How Much Cholesterol is in an Egg
One egg contains 215 milligrams of cholesterol which landed it in on the bad-food list until more research was done that showed that the culprit in every diet is the amount of saturated fat one consumes, not the cholesterol. Since one egg only has 1.5 grams of saturated fat, enjoy eggs guilt free!
Keeping Cooked Eggs in the Refrigerator
Okay, the eggs are done cooking (not boiling), you've run them under cold water immediately upon removing them from the stove—no less than 5 minutes under the cold water—a nice plunge into a bowl of ice works great for the same duration of time. The idea is to get the heat reduced quickly so the yolk won't turn drab green, the faster you get them to cool, the less likely they are to have a green chalky yolk.
How Long Do Cooked Eggs Stay Fresh in the Refrigerator?
An unpeeled hard-cooked egg keeps up to 10 days in the refrigerator. I recommend storing them in a plastic zip-sealed bag to keep unwanted flavors from permeating the eggs very porous shell. It helps keep the egg aroma (sulfur smell) from wafting out at you each time you open the fridge door. This method gets your eggs ready for deviling at a moments notice! Eggs are such a wonderful food!
Hens fed a diet of alfalfa, yellow corn and grass yield an egg with a lighter-colored yolk than those hens that are fed a wheat diet.
HOW MUCH DO YOU KNOW ABOUT EGGS?view quiz statistics
WARNING: Easter Eggs Safety
Drop that Easter Egg, Lady!
Now that the eggs are cooked-hard, the whites are tender, the yolks are creamy and green-free, we must consider the length of time that we can safely keep them before they pass their prime. Consider Easter eggs, they get decorated yielding an abundant quantity of the oval delicacies. They are cooked, decorated, hidden and if we are lucky, located and put in a basket with all of the other eggs of the day. This would seem to make for the perfect opportunity to make every body's favorite hard-cooked delight, the deviled-egg!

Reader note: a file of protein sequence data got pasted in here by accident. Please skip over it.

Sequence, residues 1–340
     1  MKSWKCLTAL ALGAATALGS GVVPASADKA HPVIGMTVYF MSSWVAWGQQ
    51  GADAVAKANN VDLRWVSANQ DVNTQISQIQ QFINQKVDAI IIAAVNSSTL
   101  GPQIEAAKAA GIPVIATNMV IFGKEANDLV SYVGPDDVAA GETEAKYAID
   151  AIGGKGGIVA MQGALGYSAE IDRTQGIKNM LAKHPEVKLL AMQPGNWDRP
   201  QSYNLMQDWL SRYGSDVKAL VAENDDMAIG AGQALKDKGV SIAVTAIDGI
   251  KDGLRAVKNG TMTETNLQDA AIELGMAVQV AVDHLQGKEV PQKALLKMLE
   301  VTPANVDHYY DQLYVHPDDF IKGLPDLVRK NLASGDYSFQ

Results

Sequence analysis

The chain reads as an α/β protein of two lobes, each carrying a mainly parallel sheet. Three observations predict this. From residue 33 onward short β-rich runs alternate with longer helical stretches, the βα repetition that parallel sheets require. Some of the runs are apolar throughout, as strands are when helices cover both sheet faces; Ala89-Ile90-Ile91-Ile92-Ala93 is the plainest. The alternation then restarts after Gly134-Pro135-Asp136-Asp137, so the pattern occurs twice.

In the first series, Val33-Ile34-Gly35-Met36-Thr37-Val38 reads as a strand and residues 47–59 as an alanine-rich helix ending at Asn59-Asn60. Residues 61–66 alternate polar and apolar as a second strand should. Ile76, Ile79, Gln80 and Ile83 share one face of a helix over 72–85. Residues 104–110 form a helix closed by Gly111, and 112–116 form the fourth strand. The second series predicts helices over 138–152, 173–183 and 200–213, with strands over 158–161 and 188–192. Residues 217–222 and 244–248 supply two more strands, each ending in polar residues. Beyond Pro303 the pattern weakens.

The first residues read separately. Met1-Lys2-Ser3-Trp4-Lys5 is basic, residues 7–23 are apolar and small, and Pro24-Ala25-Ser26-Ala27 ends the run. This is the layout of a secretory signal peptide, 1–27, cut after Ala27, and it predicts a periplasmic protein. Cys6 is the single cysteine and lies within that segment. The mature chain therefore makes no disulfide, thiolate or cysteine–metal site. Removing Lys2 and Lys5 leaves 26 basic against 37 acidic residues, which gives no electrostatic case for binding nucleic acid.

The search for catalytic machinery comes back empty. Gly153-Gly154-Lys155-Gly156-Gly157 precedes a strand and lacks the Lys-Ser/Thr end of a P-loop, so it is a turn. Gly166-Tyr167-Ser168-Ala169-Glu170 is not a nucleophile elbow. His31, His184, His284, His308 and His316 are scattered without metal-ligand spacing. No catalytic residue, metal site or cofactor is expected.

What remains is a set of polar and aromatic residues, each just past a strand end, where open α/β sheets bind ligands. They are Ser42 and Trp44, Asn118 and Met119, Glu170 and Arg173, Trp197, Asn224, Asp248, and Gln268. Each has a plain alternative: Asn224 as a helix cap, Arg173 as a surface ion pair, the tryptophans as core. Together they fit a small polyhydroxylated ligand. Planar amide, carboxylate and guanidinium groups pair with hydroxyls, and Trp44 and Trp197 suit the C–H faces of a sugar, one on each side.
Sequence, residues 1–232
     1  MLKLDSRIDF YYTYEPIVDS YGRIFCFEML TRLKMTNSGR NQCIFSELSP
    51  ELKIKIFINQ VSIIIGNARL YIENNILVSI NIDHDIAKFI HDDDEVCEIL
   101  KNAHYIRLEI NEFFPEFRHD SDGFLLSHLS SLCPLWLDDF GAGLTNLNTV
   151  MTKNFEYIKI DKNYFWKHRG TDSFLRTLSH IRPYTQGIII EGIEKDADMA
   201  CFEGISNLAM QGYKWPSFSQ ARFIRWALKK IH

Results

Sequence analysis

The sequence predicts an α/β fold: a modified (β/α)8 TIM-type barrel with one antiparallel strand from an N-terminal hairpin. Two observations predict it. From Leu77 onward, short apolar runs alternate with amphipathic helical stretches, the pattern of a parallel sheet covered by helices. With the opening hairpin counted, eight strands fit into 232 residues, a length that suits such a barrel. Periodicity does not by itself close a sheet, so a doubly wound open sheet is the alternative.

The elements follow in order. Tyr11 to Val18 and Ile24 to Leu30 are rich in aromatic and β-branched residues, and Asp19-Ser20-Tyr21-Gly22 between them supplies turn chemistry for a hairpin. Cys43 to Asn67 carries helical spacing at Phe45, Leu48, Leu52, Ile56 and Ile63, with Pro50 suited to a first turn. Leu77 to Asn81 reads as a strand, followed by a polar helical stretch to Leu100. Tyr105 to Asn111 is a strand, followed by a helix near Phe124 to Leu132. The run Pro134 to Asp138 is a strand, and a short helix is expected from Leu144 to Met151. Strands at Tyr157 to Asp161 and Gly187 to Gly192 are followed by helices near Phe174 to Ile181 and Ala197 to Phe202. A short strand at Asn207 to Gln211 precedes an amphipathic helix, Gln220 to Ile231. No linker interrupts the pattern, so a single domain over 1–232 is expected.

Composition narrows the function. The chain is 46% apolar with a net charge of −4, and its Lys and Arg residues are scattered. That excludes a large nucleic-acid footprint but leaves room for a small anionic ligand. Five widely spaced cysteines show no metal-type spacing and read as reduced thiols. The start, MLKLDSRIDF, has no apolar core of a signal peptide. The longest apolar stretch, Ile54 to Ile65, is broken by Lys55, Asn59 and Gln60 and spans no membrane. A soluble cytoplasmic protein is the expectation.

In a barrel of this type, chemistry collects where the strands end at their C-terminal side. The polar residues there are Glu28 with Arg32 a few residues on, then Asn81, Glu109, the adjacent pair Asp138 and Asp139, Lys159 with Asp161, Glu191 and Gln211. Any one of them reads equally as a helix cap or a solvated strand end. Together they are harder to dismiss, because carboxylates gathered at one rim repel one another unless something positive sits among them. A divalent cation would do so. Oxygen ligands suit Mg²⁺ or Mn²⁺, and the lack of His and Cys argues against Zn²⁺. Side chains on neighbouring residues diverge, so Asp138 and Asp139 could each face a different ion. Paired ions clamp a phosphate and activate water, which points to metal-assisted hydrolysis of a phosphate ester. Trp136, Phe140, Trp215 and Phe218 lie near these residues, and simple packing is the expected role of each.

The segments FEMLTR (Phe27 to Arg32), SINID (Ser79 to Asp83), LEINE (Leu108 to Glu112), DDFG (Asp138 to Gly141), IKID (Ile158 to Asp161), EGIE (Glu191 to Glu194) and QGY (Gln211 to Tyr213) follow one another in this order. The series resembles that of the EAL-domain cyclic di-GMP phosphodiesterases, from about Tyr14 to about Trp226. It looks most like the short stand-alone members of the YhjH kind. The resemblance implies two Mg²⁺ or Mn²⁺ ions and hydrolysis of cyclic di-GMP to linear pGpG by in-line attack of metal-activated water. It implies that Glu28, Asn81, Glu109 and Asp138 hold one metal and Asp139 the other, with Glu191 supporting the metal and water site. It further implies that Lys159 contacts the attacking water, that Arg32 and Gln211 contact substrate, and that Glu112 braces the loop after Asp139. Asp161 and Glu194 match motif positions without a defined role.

STOP! Put down the Easter Eggs. Do Not make this mistake!
Egg Safety According to Food Safety Experts
- you don't stand a chance in heck of keeping your creamy egg jewels safe for consumption in the Easter Egg Hunt scenario.
- Hard-cooked eggs are safe at room temperature for only two (that's 2) hours.
- By the time you gather all of the eggs you hid in the sunshine after the kids missed them during the hunt, you are going to be well into the danger zone of food safety.
- If you simply can't stand this waste (and who could) then I suggest that you buy plastic eggs to hide while keeping the decorated version safely cooled in the fridge.
- Create the deviled egg stuffing with these colored cool eggs. Unlike the sun-ladened hunted eggs, these remain free of nasty bacteria, which saves you a co-pay at the emergency room.
Three top Cooked Egg Tips
How to Peel an Egg the Easy Way...Yea Right!
The Best Way to Peel a Cooked Egg
Before you can use the hard-cooked egg, it must be peeled. So, peel we shall! Over the years I have peeled many hundreds, and more likely thousands of hard-cooked eggs. One undeniable fact remains true, it is hit-and-miss when it comes to an easy peeling egg. Isn't there an effective egg peeling device that can swiftly remove the peel in an instant? I mean really, who wouldn't buy one? I would actually buy such a device, even as it would be the one and only single use device in my kitchen! Nothing that actually works has landed on the market as far as I am concerned. This means that the best way, remains the manual way. And again, it is a hit-and-miss task.
The fresher the egg the more difficult it is to peel.
This is the absolute truth! It is the truth because there is a void of air between the shell and the egg that is divided by a very thin air cell-membrane. This void resides at the large end of the egg. The fresher the egg is, the smaller this void is, thus leaving no room to get a finger hold to start the peeling process smoothly. When the egg gets older, this void expands making it easier to start peeling your egg. But time is a tricky partner, as if you wait too long you'll end up with a dried-out egg.
Eggs Galore! Recipes and Raising Your Own Egg Layers!